Sometimes.  It was often a question of when they worked properly.  The celestial brush recognition software had a lot of problems recognizing a lot of important shapes.  For instance, I had a lot of problems with the sequence in the game where you had to quickly draw circles around Sakura Tree blossoms during a cutscene to make them bloom.  I'd draw the circles, and the game would just ignore me and then instantly tell me I failed.  I must have had to repeat the sequence over a dozen tedious times.  I had similar problems getting Lillypads to spawn on the water as well.  Then you had stuff like drawing lightning that only ever worked when the game felt like it.

As you can see, it all comes down to how Disney uses the drawing mechanic.  If it works perfectly and the puzzles are clever, more power to them.  But there has to be compelling experience around the motion control as well, something I don't think Okami managed.  Thankfully, that seems to be getting the proper attention in this project so far.

SesshaOctober 06, 2009

The only problem I had with Okami's drawing mechanic was drawing a straight line when crossing out names in your bounty book.  It wasn't perfect but I didn't have the amount of problems you did broodwars, you really had a problem with lightning?  That seems like i was the easiest it was just connecting a line from the cloud to the other point right? 

broodwarsOctober 06, 2009

Quote from: Sessha

The only problem I had with Okami's drawing mechanic was drawing a straight line when crossing out names in your bounty book.  It wasn't perfect but I didn't have the amount of problems you did broodwars, you really had a problem with lightning?  That seems like i was the easiest it was just connecting a line from the cloud to the other point right?

No, there was a lightning technique as well that had you actually summoning a lightning bolt by drawing a zig-zag iconic lightning bolt on-screen (you learn it by climbing that huge tower in the main town).  I only ever managed to get the game to recognize that symbol twice, and one of those was to get the spell in the first place.

NinGurl69 *hugglesOctober 06, 2009

Can any of you explain, in words, how Okami Wii was reading controller input to register "brush" input?

broodwarsOctober 06, 2009

Quote from: NinGurl69

Can any of you explain, in words, how Okami Wii was reading controller input to register "brush" input?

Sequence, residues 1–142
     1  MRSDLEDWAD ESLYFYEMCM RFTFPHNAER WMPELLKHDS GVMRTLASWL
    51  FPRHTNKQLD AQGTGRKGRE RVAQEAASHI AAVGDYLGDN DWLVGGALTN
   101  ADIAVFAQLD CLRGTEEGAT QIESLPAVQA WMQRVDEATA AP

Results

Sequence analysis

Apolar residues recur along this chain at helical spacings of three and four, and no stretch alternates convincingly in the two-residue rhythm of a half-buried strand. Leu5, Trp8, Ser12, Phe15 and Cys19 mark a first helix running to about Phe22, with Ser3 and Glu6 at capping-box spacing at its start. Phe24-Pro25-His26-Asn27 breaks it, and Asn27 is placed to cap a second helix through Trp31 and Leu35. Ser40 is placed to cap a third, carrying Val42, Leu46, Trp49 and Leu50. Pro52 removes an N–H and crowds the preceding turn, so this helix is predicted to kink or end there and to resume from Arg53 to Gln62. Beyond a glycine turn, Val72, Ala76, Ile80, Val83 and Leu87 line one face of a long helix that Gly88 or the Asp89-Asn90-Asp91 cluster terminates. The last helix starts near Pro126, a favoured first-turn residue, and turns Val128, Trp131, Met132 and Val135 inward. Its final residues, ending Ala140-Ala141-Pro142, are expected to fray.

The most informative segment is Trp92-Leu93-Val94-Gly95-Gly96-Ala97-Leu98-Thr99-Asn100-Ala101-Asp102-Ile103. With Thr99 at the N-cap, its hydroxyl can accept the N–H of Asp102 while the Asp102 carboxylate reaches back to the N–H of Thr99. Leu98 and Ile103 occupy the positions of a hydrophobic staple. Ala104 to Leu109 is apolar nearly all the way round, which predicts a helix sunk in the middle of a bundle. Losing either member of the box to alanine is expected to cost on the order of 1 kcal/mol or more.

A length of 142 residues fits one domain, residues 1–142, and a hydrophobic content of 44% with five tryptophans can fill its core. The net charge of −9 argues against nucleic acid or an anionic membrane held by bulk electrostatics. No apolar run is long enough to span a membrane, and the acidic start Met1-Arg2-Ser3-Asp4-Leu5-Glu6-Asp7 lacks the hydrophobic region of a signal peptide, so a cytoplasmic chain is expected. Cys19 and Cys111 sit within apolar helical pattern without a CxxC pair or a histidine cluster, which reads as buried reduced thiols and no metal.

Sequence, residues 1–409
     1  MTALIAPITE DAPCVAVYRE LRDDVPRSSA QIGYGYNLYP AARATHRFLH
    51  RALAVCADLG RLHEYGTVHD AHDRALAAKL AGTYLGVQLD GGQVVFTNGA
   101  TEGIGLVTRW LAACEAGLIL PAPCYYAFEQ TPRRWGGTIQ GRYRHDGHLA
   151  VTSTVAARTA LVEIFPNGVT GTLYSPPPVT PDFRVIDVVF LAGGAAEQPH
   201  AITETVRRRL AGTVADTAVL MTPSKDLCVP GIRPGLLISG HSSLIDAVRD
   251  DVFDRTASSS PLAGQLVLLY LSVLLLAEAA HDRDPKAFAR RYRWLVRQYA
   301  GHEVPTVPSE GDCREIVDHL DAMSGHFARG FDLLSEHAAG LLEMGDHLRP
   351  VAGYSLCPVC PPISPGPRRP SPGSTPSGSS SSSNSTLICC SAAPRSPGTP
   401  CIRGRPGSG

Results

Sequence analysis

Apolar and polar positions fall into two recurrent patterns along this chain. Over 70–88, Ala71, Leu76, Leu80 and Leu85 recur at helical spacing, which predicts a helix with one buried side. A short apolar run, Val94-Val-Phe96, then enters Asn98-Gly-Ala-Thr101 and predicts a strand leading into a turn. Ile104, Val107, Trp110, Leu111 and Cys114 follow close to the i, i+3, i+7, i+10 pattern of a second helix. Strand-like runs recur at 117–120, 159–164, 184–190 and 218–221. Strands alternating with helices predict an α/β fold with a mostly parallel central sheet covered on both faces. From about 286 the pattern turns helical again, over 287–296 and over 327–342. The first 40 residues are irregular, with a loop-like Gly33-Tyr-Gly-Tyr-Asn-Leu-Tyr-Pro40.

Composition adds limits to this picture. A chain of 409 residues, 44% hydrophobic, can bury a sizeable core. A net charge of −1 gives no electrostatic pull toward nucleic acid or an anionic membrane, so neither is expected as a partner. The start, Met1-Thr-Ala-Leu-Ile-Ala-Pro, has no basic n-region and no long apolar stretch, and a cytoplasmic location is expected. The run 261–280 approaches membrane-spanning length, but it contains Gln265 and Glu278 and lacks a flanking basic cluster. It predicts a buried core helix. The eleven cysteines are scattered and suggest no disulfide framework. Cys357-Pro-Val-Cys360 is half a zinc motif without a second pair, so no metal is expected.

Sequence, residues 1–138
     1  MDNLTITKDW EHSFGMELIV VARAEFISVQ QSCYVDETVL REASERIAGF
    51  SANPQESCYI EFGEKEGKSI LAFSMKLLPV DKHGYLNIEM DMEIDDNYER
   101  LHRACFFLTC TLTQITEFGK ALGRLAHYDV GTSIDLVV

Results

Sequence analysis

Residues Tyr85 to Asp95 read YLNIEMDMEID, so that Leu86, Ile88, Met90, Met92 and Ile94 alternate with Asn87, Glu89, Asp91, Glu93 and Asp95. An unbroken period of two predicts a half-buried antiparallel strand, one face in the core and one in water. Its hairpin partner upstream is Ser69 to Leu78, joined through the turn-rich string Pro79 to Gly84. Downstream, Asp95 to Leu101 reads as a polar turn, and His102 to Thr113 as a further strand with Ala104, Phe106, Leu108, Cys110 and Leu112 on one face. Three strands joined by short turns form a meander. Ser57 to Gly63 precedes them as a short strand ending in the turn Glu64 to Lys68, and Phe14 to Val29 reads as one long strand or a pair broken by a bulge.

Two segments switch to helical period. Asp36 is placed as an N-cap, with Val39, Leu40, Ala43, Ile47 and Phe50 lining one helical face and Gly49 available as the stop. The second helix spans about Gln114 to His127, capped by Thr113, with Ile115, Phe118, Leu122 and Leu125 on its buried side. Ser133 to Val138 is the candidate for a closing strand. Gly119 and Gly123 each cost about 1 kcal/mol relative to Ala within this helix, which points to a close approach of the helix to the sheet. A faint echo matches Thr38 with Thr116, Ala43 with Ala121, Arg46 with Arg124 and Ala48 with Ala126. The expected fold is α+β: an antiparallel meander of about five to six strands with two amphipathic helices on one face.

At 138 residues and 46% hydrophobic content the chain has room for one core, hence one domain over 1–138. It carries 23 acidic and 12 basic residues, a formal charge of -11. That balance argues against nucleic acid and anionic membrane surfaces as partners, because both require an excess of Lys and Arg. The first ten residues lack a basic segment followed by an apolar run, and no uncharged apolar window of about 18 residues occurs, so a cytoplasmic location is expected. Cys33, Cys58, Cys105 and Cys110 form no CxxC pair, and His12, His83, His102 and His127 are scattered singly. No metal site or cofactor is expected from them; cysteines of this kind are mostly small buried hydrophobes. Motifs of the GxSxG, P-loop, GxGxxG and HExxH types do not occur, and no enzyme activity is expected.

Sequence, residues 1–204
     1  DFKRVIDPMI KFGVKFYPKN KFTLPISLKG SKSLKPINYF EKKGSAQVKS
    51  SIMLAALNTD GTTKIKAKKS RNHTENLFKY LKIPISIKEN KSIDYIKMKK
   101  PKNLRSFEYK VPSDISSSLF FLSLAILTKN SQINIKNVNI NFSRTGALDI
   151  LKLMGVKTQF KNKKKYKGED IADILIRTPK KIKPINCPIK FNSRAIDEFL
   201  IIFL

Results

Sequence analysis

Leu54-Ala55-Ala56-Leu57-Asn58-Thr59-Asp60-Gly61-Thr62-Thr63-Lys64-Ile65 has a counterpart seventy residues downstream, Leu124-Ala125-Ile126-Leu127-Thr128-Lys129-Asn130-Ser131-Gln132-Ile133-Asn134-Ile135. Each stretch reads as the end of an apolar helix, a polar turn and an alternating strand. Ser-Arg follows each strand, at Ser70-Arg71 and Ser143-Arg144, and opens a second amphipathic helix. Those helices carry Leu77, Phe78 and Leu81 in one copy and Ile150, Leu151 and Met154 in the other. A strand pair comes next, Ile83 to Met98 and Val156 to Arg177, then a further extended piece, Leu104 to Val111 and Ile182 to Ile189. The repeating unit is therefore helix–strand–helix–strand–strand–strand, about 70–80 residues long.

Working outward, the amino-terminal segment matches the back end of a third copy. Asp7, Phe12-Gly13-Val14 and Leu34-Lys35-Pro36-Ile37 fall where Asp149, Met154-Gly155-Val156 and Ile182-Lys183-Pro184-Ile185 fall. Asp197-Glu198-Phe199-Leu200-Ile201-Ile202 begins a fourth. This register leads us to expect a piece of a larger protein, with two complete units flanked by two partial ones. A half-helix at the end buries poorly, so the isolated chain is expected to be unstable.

I get the feeling that's a joke question, but fine I'll answer it seriously: it reads the input fine.  If I do a movement with my hand when the celestial canvas is on-screen, an accurate representation of my hand movement appears on-screen accordingly.  The game just never seemed altogether sure what to do with the shape once I released the button.  Take that circle shape I mentioned earlier, which when performed in-game on dead trees restores them to full bloom.  However, probably 3/5 times I'd get the wind-blowing effect or the bomb effect, both of which also use circular shapes (a loop with two connecting lines for the wind, and a circle with a line sticking out for a bomb).  If I performed this shape with a large portion of sky in the background, I'd sometimes get the "sun" effect, and if water was in the background sometimes I'd get the "Lillypad" effect. Sometimes nothing would happen.  When I'd try to do a zig-zag for the lightning spell, I'd get the "cut" effect or nothing at all.  Stuff like that just plagued my experience with the game.

Mop it upOctober 06, 2009

This is eerily similar to an idea for a videogame that I once had myself. That alone has my interest piqued.

BranDonk KongOctober 06, 2009

I really like the few details that we have. I bet if this sells well, it could eventually lead to an animated movie.

StogiOctober 06, 2009

Quote from: broodwars

Quote from: NinGurl69

Can any of you explain, in words, how Okami Wii was reading controller input to register "brush" input?